How the brain hears sound- tick-tock, tick-tock!

New research published by Dr. Daniel Bendor, University College London discusses the concept of how our brain captures sound information by the timing of its activity.

When asked about the motivation behind the study, Dr. Bendor reports, "The brain uses different neural codes (languages) to describe our sensory world. For hearing, our brain can represent a sound by either the magnitude (how loud or soft the sound is) or timing of activity in brain cells. As a result, our work uncovered a simple mechanism by which the brain can generate these two types of responses."

Typically, our brain receives two different kinds of inputs - namely excitatory and inhibitory.

As the name suggests, excitatory inputs enhance and inhibitory inputs prevent the activity of brain cells.

Imagine the gas and brake pedals of a car.

The gas pedal moves the car while the brake stops it. The excitatory inputs are like the gas pedal and the inhibitory inputs resemble the brake pedals for a brain cell.

Similar to when your car either moves or stops in response to the accelerator or brake, the combination of these inputs could make the neurons active or silent.

This study makes use of a mathematical model neuron, with equations to mimic the excitatory and inhibitory signals in response to a sound input. The model is then fed into computer software to obtain the predictions.

"We found that neural "code" or "language" of a brain cell could be changed by controlling the amount and timing of excitation and inhibition", says Dr. Bendor, in contrast to the strength of the sound.

In other words, how do we hear sound? An obvious assumption would be that, it is based on the strength of the sound- either high or low.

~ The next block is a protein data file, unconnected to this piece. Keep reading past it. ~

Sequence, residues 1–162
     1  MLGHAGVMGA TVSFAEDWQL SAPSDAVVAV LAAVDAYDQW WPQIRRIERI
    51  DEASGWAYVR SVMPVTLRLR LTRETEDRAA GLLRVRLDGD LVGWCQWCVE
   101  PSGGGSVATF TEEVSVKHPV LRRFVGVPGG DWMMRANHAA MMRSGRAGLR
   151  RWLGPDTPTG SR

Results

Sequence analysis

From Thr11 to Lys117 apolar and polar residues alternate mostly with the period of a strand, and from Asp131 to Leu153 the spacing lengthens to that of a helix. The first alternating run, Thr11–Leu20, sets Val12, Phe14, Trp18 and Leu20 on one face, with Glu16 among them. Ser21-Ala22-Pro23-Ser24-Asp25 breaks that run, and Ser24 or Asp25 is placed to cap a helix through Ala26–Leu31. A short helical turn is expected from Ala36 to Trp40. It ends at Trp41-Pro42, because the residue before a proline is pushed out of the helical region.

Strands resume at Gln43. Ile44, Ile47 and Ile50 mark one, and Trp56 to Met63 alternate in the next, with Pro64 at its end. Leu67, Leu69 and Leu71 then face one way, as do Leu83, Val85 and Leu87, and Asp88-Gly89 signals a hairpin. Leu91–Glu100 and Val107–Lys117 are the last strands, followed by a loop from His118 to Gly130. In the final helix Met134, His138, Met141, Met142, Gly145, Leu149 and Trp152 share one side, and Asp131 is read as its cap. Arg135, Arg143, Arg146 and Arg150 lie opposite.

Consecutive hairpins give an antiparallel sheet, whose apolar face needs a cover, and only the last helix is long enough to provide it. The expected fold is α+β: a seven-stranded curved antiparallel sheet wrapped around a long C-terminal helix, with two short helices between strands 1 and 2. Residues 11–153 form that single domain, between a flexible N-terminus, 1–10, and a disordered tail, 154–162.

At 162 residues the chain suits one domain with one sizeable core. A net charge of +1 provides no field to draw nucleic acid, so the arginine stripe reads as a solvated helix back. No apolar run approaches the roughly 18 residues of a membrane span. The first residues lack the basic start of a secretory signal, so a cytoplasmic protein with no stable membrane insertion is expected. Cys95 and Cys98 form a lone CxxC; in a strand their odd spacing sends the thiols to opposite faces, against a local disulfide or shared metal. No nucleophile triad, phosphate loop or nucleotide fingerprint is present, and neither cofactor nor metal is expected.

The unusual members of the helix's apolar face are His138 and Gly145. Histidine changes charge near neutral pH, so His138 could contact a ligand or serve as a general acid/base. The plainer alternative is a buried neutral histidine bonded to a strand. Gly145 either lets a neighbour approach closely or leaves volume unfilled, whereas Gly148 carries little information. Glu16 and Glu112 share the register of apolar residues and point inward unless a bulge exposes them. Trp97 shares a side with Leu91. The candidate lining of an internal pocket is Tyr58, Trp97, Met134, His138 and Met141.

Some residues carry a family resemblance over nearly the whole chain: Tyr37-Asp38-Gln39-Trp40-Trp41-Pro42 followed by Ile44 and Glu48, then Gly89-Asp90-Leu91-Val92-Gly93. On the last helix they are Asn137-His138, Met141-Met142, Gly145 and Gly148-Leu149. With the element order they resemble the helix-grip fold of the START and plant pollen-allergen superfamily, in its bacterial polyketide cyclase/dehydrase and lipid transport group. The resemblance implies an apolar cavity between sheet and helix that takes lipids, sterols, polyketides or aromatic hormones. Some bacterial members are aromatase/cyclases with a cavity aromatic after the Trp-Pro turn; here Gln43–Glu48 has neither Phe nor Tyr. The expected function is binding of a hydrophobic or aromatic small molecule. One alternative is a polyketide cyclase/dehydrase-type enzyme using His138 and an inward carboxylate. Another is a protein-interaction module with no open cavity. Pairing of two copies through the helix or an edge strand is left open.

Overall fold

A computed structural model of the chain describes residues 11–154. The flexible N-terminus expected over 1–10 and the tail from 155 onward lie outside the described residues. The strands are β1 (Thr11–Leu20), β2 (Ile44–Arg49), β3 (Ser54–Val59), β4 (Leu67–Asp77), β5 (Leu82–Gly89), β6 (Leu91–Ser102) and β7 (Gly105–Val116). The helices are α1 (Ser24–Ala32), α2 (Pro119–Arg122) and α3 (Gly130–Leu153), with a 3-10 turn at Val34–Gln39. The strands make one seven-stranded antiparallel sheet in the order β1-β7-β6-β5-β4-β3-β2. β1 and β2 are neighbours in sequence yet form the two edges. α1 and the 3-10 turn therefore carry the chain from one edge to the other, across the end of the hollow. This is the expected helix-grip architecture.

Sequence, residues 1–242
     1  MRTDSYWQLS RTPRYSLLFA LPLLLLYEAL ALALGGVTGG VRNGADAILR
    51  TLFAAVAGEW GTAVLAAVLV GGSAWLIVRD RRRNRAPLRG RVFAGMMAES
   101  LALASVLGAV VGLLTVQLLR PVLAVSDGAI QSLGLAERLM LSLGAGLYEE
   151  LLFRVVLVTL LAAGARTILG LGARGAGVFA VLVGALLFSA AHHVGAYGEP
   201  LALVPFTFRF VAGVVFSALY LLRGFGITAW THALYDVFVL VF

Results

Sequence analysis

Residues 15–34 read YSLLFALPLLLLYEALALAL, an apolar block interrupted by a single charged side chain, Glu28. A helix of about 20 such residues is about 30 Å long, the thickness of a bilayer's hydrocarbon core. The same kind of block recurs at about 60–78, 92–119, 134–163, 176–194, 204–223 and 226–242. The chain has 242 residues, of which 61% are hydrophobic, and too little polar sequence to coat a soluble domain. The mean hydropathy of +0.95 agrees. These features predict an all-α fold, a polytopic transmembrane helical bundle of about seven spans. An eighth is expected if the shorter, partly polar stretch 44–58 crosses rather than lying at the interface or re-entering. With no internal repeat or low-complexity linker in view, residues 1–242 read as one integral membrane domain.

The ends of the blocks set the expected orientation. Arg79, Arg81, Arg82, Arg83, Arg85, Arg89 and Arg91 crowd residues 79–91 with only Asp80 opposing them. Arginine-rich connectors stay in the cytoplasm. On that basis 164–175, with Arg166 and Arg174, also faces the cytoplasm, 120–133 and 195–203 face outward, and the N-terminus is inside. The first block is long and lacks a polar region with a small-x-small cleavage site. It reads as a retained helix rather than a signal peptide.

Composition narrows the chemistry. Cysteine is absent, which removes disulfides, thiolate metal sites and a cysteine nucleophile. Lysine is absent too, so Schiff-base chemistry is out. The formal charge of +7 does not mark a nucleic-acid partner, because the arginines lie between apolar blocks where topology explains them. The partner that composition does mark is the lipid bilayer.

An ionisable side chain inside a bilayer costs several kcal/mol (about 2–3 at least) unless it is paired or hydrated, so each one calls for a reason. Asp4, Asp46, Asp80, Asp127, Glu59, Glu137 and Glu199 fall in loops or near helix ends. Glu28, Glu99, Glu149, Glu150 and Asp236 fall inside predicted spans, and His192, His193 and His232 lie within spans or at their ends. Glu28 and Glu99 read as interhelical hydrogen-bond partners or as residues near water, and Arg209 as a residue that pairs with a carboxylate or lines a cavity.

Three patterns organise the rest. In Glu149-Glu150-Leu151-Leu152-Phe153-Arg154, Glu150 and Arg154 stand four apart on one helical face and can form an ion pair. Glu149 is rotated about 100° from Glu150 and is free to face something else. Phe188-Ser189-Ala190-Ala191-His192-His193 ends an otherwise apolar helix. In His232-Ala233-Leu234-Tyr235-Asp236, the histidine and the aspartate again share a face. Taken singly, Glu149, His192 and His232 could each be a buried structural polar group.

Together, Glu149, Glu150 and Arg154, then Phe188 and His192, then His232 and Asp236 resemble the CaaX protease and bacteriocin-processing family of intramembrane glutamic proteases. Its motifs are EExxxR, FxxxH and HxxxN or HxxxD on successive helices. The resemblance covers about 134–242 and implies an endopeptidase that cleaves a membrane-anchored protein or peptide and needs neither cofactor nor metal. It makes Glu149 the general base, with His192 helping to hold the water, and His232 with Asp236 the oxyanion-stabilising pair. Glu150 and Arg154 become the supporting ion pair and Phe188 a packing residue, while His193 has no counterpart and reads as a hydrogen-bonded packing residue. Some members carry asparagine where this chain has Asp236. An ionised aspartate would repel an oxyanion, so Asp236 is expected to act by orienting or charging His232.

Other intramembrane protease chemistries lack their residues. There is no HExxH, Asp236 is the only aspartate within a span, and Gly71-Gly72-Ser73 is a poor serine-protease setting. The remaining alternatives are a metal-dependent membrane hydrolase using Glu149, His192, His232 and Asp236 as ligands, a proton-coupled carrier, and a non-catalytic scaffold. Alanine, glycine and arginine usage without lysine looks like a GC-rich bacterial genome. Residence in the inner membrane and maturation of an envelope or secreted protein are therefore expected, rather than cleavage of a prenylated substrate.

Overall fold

But besides the magnitude of sound levels, there are other mechanisms, which our brain employs to process the sound information and produce neural codes or patterns.

As discussed in this study, one mechanism is that the brain uses the "timing" information of the excitatory and inhibitory inputs in deciphering patterns within the sound.

A lot of evidence in the field of neuroscience shows that neural patterns of activity in the brain are critical in cognition, perception, memory etc. amongst others.

Given, that the brain consists of more than billion neurons, which make about a trillion connections, Dr. Bendor's study establishes simple principles for how the brain operates during complex behavior.

In future, Dr. Bendor says, "This work proposes an idea that controlling excitation and inhibition of a brain cell will determine the neural code it uses. We would like to test this using optogenetics, a technique where light can independently be used to excite or inhibit neural activity."

How our brain actually works is a complete mystery to date. Therefore, a study like this paves the way for artificial intelligence and other brain therapeutic procedures.

In short, the future sounds good!


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